Seatrade Maritime is part of the Informa Markets Division of Informa PLC

This site is operated by a business or businesses owned by Informa PLC and all copyright resides with them. Informa PLC's registered office is 5 Howick Place, London SW1P 1WG. Registered in England and Wales. Number 8860726.

Phillipines President Duterte asks China for help against piracy

Phillipines President Duterte asks China for help against piracy
Philippine President Rodrigo Duterte has come out to openly suggest that China send assets help in the fight against Islamic State-linked militants in not only its troubled southern region but also in other commercially critical trade lanes such as the Malacca Straits, wires and local media reported.

Local reports quoted him as saying at a military event that amid concern about the proliferation of extremism and piracy in the southern waters of the Philippines, he had requested China to patrol the areas in international waters leading to the Sulu Sea as well as the Malacca Straits.

“I also asked China if they can patrol the international waters without necessarily intruding into the territorial waters of the country. We would be glad if we have their presence,” Duterte said, adding that the Asian giant could send patrol vessels, not necessarily "grey" warships.

He did not say if China had responded.

These areas have been hit by kidnapping and piracy attacks on commercial vessels thought to be led by Islamic militant group Abu Sayyaf, which has forced shipowners to divert vessels on longer routes or give up trading there altogether, pushing up costs and transit times.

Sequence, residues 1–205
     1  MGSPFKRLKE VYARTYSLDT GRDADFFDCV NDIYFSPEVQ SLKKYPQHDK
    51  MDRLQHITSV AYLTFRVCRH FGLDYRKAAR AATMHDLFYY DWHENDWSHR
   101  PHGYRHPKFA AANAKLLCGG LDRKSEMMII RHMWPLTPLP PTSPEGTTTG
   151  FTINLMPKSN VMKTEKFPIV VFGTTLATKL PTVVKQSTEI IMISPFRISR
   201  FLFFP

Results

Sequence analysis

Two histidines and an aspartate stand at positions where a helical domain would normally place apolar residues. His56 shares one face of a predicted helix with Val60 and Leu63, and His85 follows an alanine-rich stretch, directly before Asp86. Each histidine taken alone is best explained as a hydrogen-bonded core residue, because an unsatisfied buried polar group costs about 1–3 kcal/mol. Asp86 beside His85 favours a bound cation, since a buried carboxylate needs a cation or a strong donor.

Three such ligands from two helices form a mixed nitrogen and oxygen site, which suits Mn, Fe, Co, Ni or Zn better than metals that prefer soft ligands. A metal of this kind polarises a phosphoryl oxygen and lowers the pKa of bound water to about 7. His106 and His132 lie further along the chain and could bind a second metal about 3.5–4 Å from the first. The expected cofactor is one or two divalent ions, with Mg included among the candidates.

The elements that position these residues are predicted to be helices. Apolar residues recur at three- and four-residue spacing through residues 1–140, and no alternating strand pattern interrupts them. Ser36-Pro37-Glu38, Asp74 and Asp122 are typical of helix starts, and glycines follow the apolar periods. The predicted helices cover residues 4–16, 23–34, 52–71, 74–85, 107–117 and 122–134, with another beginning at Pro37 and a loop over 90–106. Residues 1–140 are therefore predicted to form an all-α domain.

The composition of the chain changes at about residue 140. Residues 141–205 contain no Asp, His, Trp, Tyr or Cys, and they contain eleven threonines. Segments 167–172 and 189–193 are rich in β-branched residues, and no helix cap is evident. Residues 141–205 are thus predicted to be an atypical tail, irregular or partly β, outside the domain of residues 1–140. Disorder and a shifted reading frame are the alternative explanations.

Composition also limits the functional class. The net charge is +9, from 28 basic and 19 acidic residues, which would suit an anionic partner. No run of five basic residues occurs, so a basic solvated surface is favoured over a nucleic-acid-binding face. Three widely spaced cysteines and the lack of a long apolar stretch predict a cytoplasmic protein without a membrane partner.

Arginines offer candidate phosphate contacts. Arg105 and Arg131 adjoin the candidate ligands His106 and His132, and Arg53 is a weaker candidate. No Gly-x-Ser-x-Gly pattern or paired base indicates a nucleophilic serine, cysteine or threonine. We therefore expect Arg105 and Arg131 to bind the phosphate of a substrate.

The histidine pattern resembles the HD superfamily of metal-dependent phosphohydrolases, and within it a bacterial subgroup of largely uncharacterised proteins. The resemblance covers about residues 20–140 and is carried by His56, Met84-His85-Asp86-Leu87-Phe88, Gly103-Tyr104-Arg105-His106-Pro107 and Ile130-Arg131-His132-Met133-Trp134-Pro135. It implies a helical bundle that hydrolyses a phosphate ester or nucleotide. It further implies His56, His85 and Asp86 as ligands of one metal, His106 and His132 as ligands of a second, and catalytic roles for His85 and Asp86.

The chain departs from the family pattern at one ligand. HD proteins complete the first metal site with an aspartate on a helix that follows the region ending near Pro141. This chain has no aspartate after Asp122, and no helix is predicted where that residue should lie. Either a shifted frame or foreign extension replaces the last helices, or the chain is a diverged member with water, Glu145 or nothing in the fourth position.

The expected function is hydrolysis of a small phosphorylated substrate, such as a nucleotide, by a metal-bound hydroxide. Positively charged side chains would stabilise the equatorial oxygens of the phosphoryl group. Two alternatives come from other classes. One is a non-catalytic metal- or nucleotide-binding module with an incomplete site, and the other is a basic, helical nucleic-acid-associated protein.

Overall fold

He reiterated however that this could be done without deploying naval assets, using just Chinese coast guard vessels, which could enter territorial waters without necessarily impinging on sovereign rights. The Philippines has an arbitration ruling in its favour against China on its rights to the Spratleys.

At least some of China's coast guard vessels are lightly armed and have been known to act aggressively in their national interests, most recently against Vietnamese fishing vessels in disputed waters off their coast.

There appeared to be some immediate backpedalling from government with National Security Adviser Hermogenes Esperon clarifying that the Duterte's comments were simply part of broader concerns on the continuing kidnapping activities in Mindanao.  

“Terrorism is an international concern, that’s what he meant. If he may have mentioned one country, all countries are also concerned on terrorism,” Esperon said.

There is an existing trilateral maritime agreement between the Philippines, Malaysia and Indonesia on joint air patrols in the problem areas bordering their respective territories.